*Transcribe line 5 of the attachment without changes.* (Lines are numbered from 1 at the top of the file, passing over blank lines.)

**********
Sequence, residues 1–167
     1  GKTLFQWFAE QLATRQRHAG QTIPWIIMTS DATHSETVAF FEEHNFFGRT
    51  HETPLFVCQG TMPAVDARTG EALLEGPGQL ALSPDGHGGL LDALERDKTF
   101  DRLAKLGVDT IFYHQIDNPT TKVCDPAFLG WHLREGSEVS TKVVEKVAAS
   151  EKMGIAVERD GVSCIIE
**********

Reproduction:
   151  EKMGIAVERD GVSCIIE